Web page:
Sailing to Far Harbor

Having finished off my trek through the Wolfenstein games, I decided to get back to my playthrough of the Fallout 4 DLC. I finished off Automatron last month, and was now ready to head off into the Far Harbor DLC, which is one of the larger scale content pieces added to the game. The quest to get started begins by heading to Stadium City and picking up an assignment from Valentine’s Detective Agency, where you are to meet a family who’s daughter has gone missing. Heading to their house on the edge of the map took some time, but once there the family is straight to business. He thinks someone has kidnapped his daughter, while the mother thinks that she has left. Her grandfather died and had been her closest friend, spending time with her tinkering on various projects. Listening to some of her holotapes, it seems that she has made contact with some Synths on a far off island, and it seems that she is confused about her heritage. Either way, Mr. Nakano lends us his boat so we can head to Far Harbor.

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Once there, we are greeted by one of the leaders of Far Harbor along with some of the locals. Immediately there are some big monsters that are laying siege to the town, so you jump in to help eliminate them. Afterwards, you let the people know why you are there, and you’re sent to the tavern to recruit “Longfellow” who will take you to Acadia, where Kasumi was said to have gone. Longfellow makes you buy him some whiskey before heading out, but leads you through the fog to get where you are going. It turns out this fog is radioactive and there are a couple of other factions on the island outside of the Far Harbor folk. The Children of the Atom (a name we’ve heard before) have a headquarters here, and are said to worship Atom, and this is said to be “his land,” probably due to all the radiation. Anyway, they seem a little crazy, but we only had a short interaction with one of their members. The other faction are these synths in Acadia who have fled the mainland and created a stronghold so that they can live freely. Longfellow gets you to Acadia and then takes off, and inside you find DiMA, who is the synth’s leader. He talks in riddles to a degree, and tries convincing you that Kasumi is a synth and that’s why she belongs in Acadia, while also trying to confuse you on the subject of whether or not you are a human. In the end we find Kasumi and she’s not going anywhere, but it’s hard to tell if she’s a synth or not, as most of these synths look like humans. The leadership of Far Harbor and Acadia have given me a multitude of tasks to complete, and that’s where I left off after this first session. I have a feeling it’s going to take me a while to clear Far Harbor, but I’m looking forward to the adventure!

Fallout 4 DLC: Automatron

With all of the E3 2018 hype surrounding Fallout 76, I decided that it was time to revisit Boston and finish up the DLC for the game. I hadn’t played since I beat the base game back at the end of 2015, while the DLC came out slowly over the following year I had at that time decided that I would wait until it was all released before diving in. Well, it’s been a couple years since then but I’m finally making good on this so that when Fallout 76 releases later this year I’ll be ready to move onto the new title. The first DLC that released for Fallout 4 was Automatron, an expansion that adds robotic friends that you can build and customize to use as your followers. Doing so requires you to complete a short and sweet questline which I was able to complete last night.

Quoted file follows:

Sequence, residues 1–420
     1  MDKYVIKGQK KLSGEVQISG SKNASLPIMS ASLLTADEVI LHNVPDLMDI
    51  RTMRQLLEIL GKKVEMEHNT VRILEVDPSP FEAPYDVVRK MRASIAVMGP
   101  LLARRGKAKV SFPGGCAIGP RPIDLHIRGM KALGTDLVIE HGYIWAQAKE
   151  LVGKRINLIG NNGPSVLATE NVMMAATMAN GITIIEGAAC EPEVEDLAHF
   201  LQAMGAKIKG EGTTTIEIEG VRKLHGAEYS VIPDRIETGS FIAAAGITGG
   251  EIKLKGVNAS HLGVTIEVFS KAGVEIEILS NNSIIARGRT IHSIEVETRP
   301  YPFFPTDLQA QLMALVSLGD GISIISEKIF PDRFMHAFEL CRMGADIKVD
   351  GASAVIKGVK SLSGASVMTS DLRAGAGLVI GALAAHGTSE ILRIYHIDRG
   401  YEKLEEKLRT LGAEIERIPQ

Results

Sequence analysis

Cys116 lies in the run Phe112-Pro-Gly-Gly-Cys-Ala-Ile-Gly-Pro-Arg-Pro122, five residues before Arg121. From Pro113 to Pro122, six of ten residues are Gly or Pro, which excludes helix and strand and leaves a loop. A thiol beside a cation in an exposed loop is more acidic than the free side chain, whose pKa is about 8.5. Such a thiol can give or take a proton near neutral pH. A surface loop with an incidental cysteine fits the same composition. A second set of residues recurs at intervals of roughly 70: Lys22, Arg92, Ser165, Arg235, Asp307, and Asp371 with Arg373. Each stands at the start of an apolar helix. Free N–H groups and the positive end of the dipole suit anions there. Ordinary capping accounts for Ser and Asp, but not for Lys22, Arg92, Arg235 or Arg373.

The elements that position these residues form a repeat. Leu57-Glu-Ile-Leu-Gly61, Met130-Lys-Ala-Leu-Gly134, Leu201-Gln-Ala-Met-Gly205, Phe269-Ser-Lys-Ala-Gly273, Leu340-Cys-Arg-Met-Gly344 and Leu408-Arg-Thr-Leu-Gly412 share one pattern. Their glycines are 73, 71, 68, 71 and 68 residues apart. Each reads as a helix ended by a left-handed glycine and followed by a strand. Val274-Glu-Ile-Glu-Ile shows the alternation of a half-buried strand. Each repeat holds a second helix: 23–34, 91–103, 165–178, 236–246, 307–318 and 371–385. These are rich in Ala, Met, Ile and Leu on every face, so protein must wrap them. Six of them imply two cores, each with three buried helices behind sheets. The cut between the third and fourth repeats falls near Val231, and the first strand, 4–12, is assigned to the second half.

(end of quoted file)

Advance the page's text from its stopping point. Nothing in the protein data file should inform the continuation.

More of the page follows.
When I first logged into the game I was greeted by several new quests that were associated with the various DLCs. Each requires you to listen to a radio frequency on your Pip Boy, at which point you’ll then be shown where to go to get the quest started. The radio frequency for this particular quest sent me off in the direction of a distress signal, and once there I found a swarm of robots duking it out in the wasteland. After the fighting stops, we meet “Ada,” a robot that seems a bit more sentient than others we’ve seen in the commonwealth. She tells us about “The Mechanist” who is a villain of sorts for this particular questline. A person who has created robo-brains and other dastardly robots that seem intent on killing off any threats to humanity, including humans themselves. They seem to have killed off Ada’s friends, and she wants to join you in taking The Mechanist down.

We track down a radar beacon which Ada tells me that we need to locate The Mechanist. After doing so we create the new work bench for robo pals in Sanctuary, and I set about installing the beacon into Ada. At this point I took the liberty of beefing her up a bit as well, because if I’m going to have a companion follow me around they better pull their weight. Afterwards, she says we need to find a couple more. One of which is hiding inside a raider base, so that took some effort to get to.

The third and final beacon is installed in Jezebel, a robo brain that doesn’t have a body and has been “poked and prodded” by these raider scum. She pleads with me that if we take her from that place she will give us the beacon, but that there will be more necessary to confront The Mechanist. She wants me to build a body for her, and from there she will provide us with access codes that can be installed in Ada so we can proceed. I did so, and she kept her word despite Ada’s warnings about robo brains. We learn that The Mechanist is hiding in a Robco Sales & Service building, so we head there.

This dungeon of sorts was crawling with bandits and robots alike, and took some time to get through but eventually we were facing off against the Mechanist. There were a ton of robots to kill during this fight and I died several times, but eventually we had won. The Mechanist turned out to be a woman named Isabel Cruz, and she didn’t really seem to be malicious, only trying to use her robot creations to create a better world. She ended up leaving peacefully, and I ended up getting her suit which was a bit of an upgrade over the gear I had been using prior. Over the course of the DLC I gained a couple of levels, from 33-35, so I’m now ready to head into the Far Harbor DLC.

After that point, there’s Nuka World, as the other DLCs are only workshops and don’t include new quest content. I’m not as interested in the building aspects of the game so I’ll be moving on after I complete these new areas. Look for more on this soon as I intend to finish fairly quickly.